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Read the foreword by Mara Soetoro-Ng President Barack Obama’s mother, S. Ann Dunham, was an economic anthropologist and rural development consultant who worked in several countries including Indonesia. Dunham received her doctorate in 1992. She died in 1995, at the age of 52, before having the opportunity to revise her dissertation for publication, as she had planned. Dunham’s dissertation adviser Alice G. Dewey and her fellow graduate student Nancy I. Cooper undertook the revisions at the request of Dunham’s daughter, Maya Soetoro-Ng. The result is Surviving against the Odds, a book based on Dunham’s research over a period of fourteen years among the rural metalworkers of Java, the island home to nearly half Indonesia’s population. Surviving against the Odds reflects Dunham’s commitment to helping small-scale village industries survive; her pragmatic, non-ideological approach to research and problem solving; and her impressive command of history, economic data, and development policy. Along with photographs of Dunham, the book includes many pictures taken by her in Indonesia. After Dunham married Lolo Soetoro in 1967, she and her six-year-old son, Barack Obama, moved from Hawai‘i to Soetoro’s home in Jakarta, where Maya Soetoro was born three years later. Barack returned to Hawai‘i to attend school in 1971. Dedicated to Dunham’s mother Madelyn, her adviser Alice, and “Barack and Maya, who seldom complained when their mother was in the field,” Surviving against the Odds centers on the metalworking industries in the Javanese village of Kajar. Focusing attention on the small rural industries overlooked by many scholars, Dunham argued that wet-rice cultivation was not the only viable economic activity in rural Southeast Asia. Surviving against the Odds includes a preface by the editors, Alice G. Dewey and Nancy I. Cooper, and a foreword by her daughter Maya Soetoro-Ng, each of which discusses Dunham and her career. In his afterword, the anthropologist and Indonesianist Robert W. Hefner explores the content of Surviving against the Odds, its relation to anthropology when it was researched and written, and its continuing relevance today.

The Great Nation France From Louis Xv To Napoleon

Author: Colin Jones
Publisher: Penguin UK
ISBN: 0141937203
Size: 20.68 MB
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There can be few more mesmerising historical narratives than the story of how the dazzlingly confident and secure monarchy Louis XIV, 'the Sun King', left to his successors in 1715 became the discredited, debt-ridden failure toppled by Revolution in1789. The further story of the bloody unravelling of the Revolution until its seizure by Napoleon is equally astounding. Colin Jones' brilliant new book is the first in 40 years to describe the whole period. Jones' key point in this gripping narrative is that France was NOT doomed to Revolution and that the 'ancien regime' DID remain dynamic and innovatory, twisting and turning until finally stoven in by the intolerable costs and humiliation of its wars with Britain.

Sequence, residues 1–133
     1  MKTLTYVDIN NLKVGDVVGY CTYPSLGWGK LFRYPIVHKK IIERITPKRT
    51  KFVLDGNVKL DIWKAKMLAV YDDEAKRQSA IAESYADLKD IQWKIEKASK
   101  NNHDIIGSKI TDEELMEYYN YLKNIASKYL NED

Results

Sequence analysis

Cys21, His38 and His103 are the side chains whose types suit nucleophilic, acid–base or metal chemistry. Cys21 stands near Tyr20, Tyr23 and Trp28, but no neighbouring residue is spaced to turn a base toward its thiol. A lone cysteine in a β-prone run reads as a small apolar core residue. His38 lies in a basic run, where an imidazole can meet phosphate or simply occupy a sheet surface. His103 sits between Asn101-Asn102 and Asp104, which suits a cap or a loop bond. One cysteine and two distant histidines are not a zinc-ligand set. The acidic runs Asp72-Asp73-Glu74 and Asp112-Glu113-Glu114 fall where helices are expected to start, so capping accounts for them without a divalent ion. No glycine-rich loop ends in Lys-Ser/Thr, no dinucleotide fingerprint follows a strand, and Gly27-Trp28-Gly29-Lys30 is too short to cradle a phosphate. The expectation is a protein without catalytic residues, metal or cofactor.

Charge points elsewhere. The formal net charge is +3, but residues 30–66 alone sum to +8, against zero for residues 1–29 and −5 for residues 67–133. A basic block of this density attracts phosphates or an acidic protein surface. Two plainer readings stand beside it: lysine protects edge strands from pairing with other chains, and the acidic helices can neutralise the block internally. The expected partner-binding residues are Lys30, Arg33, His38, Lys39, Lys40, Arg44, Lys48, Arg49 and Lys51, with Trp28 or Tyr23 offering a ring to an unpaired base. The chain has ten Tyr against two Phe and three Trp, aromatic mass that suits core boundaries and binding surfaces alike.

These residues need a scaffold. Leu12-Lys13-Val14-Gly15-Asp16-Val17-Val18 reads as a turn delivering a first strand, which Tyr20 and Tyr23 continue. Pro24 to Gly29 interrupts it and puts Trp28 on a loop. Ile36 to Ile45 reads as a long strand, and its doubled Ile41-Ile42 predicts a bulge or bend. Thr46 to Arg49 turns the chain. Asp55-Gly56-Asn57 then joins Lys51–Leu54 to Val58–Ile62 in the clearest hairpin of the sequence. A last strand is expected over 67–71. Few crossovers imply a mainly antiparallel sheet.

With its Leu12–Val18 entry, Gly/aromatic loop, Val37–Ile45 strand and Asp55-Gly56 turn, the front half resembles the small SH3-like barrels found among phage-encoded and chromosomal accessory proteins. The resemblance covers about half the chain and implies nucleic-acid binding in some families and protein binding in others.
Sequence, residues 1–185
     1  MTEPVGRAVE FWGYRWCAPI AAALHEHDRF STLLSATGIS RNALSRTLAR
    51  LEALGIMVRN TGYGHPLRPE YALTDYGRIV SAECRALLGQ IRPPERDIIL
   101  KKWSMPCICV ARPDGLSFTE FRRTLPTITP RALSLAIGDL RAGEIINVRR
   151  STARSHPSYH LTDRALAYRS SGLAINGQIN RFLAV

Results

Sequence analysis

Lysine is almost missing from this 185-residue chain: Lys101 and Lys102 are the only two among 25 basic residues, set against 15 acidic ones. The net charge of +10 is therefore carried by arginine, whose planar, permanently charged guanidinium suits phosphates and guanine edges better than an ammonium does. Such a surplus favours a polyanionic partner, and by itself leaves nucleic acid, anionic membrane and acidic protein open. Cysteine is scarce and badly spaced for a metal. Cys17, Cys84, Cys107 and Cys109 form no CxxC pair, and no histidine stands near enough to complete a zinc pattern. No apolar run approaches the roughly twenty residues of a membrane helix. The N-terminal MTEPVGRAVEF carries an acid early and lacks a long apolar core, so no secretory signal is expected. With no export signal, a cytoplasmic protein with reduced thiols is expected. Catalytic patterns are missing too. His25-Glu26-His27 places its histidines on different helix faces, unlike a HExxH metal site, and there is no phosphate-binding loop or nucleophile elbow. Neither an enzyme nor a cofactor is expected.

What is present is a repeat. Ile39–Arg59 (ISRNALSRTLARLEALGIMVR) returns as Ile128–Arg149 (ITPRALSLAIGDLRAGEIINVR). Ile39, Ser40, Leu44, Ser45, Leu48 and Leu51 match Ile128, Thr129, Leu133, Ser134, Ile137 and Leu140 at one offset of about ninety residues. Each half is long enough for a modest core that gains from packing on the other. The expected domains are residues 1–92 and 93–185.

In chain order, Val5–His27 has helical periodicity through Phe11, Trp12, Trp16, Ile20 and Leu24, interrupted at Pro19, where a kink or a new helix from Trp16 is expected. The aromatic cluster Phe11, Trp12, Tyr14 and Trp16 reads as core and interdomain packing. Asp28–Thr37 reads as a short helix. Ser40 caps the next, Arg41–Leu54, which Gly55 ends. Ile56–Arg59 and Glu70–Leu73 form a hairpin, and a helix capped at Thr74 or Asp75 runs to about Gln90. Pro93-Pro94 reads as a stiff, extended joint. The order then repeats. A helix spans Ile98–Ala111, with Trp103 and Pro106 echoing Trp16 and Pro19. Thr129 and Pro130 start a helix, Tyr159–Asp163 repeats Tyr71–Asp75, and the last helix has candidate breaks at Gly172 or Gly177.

Faithful Translators

Author: Jaime Goodrich
Publisher: Northwestern University Press
ISBN: 9780810129382
Size: 25.66 MB
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With Faithful Translators Jaime Goodrich offers the first in-depth examination of women’s devotional translations and of religious translations in general within early modern England. Placing female translators such as Queen Elizabeth I and Mary Sidney Herbert, Countess of Pembroke, alongside their male counterparts, such as Sir Thomas More and Sir Philip Sidney, Goodrich argues that both male and female translators constructed authorial poses that allowed their works to serve four distinct cultural functions: creating privacy, spreading propaganda, providing counsel, and representing religious groups. Ultimately, Faithful Translators calls for a reconsideration of the apparent simplicity of "faithful" translations and aims to reconfigure perceptions of early modern authorship, translation, and women writers.

Constructions Of Cancer In Early Modern England

Author: Alanna Skuse
Publisher: Springer
ISBN: 1137487534
Size: 46.36 MB
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This book is open access under a CC-BY licence. Cancer is perhaps the modern world's most feared disease. Yet, we know relatively little about this malady's history before the nineteenth century. This book provides the first in-depth examination of perceptions of cancerous disease in early modern England. Looking to drama, poetry and polemic as well as medical texts and personal accounts, it contends that early modern people possessed an understanding of cancer which remains recognizable to us today. Many of the ways in which medical practitioners and lay people imagined cancer – as a 'woman's disease' or a 'beast' inside the body – remain strikingly familiar, and they helped to make this disease a byword for treachery and cruelty in discussions of religion, culture and politics. Equally, cancer treatments were among the era's most radical medical and surgical procedures. From buttered frog ointments to agonizing and dangerous surgeries, they raised abiding questions about the nature of disease and the proper role of the medical practitioner.